Sometimes, though, a little variety is desired.

I had a crisper full of vegetables that needed to be used. Their freshness was waning, and I hate to waste anything, so… stir-fry? Nah. Instead, I decided to incorporate kimchi into the dish to create a sour and savory meal

Kimchi seems to be growing in popularity in the States. BuzzFeed even did a list-of-things-you-can-do-with-it article. Like sauerkraut, it’s a fermented food, and it’s versatile in the dishes in which it can be served. Also like sauerkraut, it pairs nicely with Alsace varietals of wine.

I paired dinner with a bottle of Corvidae Ravenna 2012 Riesling. Not only is this an awesome wine, because, raven – Charles and I are big corvid fans – it’s really nice. It was a spot on pairing – the Riesling cut through the richness of the egg while making the kimchi fried rice almost creamy and balancing the spice from the Sriracha. It was lovely.

Kimchi Fried Rice with Egg


Serves 4

Hot Pepper Sesame Oil
1 cup white rice, cooked
1 jar of kimchi, drained well
2 cups mixed vegetables
3 cloves of garlic, chopped
1-2 Tablespoons Sriracha
1-2 Tablespoons low-sodium soy sauce
4 eggs, cooked how you like them (Charles is a scrambled egg kind-of guy. I like mine over-easy.)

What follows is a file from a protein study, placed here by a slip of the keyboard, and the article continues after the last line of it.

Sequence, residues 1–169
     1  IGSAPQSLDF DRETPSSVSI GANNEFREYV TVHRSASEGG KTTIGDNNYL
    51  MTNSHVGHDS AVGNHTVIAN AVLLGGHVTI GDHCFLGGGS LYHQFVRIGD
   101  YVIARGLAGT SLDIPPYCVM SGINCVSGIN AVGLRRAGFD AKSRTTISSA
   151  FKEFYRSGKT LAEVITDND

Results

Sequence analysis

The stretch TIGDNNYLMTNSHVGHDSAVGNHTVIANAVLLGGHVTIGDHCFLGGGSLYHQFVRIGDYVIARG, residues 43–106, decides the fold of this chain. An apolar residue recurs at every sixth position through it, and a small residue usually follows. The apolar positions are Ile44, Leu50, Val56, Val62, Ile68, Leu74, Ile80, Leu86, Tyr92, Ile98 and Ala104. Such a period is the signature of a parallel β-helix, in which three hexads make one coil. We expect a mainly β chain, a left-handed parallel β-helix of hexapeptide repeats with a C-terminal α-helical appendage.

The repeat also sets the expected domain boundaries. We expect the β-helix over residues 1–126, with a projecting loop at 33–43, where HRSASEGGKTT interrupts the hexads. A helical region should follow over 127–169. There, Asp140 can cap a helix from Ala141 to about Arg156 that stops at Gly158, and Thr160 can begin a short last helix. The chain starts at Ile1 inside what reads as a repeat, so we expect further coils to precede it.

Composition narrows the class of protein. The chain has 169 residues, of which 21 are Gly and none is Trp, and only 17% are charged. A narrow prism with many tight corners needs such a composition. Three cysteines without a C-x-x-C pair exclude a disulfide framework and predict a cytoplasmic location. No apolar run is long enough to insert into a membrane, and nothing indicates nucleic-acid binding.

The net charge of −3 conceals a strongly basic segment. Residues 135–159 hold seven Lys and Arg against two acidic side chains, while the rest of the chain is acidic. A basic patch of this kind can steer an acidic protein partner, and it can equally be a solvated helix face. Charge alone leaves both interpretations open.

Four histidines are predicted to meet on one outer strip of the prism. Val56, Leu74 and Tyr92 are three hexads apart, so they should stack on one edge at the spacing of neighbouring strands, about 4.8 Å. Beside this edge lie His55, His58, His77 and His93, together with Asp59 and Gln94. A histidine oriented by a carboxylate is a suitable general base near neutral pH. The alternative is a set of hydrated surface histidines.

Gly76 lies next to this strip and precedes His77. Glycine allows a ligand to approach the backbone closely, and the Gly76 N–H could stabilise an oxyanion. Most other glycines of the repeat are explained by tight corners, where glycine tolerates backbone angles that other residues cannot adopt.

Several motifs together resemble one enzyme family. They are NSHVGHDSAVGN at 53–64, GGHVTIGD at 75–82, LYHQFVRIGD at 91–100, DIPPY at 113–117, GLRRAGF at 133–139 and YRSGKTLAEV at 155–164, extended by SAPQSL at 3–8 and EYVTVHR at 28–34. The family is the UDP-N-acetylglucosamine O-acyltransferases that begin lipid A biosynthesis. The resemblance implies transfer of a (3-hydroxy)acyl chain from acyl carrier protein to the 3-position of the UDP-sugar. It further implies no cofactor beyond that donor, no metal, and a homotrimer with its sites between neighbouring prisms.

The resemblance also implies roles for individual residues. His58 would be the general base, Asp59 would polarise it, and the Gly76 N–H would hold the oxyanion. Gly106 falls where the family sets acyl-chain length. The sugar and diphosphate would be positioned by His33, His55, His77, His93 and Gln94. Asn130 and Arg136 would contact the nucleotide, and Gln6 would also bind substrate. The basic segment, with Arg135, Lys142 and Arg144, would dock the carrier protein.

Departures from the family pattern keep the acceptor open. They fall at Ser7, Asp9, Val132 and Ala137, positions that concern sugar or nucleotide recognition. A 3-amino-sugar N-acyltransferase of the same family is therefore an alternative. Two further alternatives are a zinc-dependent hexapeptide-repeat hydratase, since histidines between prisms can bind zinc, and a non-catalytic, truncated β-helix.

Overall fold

Warm a skillet or wok over medium-high heat. Drizzle in sesame oil, just enough to coat the pan. Toss in rice and stir for a minute. Add kimchi and sauté until mixed well and warmed-through.
Remove rice mixture and set aside.
Add a bit more oil to the pan. Toss in vegetables, garlic, Sriracha, and soy sauce and sauté until vegetables are tender.
Turn heat to low and mix the kimchi rice with the vegetables.
While the mixture warms and the flavors incorporate, heat another pan over medium-low and cook eggs.
Divide the rice mixture evenly onto four plates, top with eggs, and serve.

Avocado Pesto Pasta

avocado pesto pastaToday’s recipe began as a pin on Pinterest. I saw the beginnings of what looked like a pretty tasty – and vegan – meal, only to discover that my pin linked to a different recipe than the image shown. The recipe was not to be found on the blog. Sad face.

Anyone who uses Pinterest on a regular basis knows this is a danger, but dang it, I really wanted that recipe! Since I am who I am, I would not be foiled. I would make my own. And it was successful – and so very, very easy, too!

This concoction was paired with a Sangiovese, just right with the garlic tang and the avocado creaminess of the pasta sauce. The leftovers were a bit homely, as avocado browns quickly, but it was just as delicious as the first night.

Avocado Pesto Pasta

  • Difficulty: super easy
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Serves 4

pinch of salt
1 package whole wheat spaghetti (I used einkorn pasta.)
2 ripe avocados
juice from 1 lemon